The event Monday morning, at Bethel African Methodist Episcopal Church, was part listening session, part campaign speech and part forum for members of Wilmington’s black community to express their collective anguish.
“Anger just doesn’t come out of nowhere,” Eugene Young, president of the Metropolitan Wilmington Urban League, said of the protests against police brutality that have gripped cities across the country. “This anger comes from the fact that you have people in our community that feel as though the knee has been on their back for a long time.”
Representative Lisa Blunt Rochester, Democrat of Delaware, had to pause to collect herself while recalling an exchange the night before with a 23-year-old protester in Wilmington.
“He used the term ‘I’m standing my ground,’ which broke my heart, and then he said, ‘I’m willing to die,’” Ms. Blunt Rochester said, her voice rising. “And he said, ‘I have so much rage.’ And I said: ‘How old are you? What’s your name? How old are you?’ And I just tried to hold him! Covid or not!”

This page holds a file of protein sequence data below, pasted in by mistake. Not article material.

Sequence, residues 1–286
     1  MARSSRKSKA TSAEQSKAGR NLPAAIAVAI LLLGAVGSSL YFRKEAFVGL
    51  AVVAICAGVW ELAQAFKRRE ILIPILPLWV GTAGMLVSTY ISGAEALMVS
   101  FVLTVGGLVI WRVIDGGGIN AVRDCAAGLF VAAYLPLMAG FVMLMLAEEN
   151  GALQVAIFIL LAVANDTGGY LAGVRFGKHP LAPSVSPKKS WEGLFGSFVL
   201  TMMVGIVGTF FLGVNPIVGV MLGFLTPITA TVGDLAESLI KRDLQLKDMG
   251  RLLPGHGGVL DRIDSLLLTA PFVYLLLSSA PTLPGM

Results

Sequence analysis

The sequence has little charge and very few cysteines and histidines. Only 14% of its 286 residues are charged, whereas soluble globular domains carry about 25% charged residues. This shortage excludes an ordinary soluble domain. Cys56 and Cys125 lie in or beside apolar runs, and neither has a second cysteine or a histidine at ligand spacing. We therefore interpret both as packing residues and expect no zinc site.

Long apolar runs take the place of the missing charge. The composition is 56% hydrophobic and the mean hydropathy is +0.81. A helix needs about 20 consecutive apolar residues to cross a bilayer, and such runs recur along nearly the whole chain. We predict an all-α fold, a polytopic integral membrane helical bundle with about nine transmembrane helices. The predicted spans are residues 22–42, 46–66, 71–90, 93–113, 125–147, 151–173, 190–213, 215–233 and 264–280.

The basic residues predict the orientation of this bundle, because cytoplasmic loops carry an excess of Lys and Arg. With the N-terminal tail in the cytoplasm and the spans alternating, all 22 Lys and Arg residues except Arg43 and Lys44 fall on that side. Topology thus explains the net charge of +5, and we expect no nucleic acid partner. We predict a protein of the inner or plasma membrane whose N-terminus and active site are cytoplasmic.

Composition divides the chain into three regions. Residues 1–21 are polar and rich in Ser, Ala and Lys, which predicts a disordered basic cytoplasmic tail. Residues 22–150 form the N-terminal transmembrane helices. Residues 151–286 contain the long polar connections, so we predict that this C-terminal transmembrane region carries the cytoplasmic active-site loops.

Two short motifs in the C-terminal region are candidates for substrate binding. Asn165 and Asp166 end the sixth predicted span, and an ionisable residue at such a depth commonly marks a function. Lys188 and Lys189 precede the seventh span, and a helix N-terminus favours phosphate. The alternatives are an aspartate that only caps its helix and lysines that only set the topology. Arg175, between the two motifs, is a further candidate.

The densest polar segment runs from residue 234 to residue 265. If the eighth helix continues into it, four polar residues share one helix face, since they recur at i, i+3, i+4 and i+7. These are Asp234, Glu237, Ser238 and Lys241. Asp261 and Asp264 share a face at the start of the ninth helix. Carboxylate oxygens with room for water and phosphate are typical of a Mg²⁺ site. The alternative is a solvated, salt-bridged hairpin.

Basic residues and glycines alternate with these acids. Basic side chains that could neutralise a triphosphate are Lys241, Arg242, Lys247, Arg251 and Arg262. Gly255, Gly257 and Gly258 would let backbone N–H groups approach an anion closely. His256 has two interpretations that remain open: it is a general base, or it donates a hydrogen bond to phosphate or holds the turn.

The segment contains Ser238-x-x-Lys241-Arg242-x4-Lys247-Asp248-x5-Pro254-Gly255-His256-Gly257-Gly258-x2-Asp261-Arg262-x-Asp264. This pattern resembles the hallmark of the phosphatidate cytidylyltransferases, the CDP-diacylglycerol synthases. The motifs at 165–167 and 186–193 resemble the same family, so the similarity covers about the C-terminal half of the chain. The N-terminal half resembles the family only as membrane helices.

For around an hour, Mr. Biden sat silently at the front of the church, a surgical mask covering his face, taking notes as speaker after speaker expressed versions of the same message: We support you, but you need to do more.
If there was one contrast between the people in the streets and the people in the church on Monday, it was age: The protesters are largely young. The people speaking to Mr. Biden were mostly middle-aged or older — and they challenged Mr. Biden to address the disparity.
“What I worry about for our young people is feelings of hopelessness and frustration if they don’t feel that they have a hope for their future,” said Devona Williams, chairwoman of the board of trustees at Delaware State University, which is historically black.
“Education doesn’t mean anything if we can’t go birdwatching, if we can’t jog and if we can’t go to a convenience store,” Dr. Williams said. “And if we can’t do the normal things, the normal daily living things, it creates a feeling of oppression and frustration, and all the things that are the tricks of the enemy to get us angry and then cause us to be violent.”
The Rev. Shanika Perry, the church’s youth pastor, asked Mr. Biden to meet with young black people.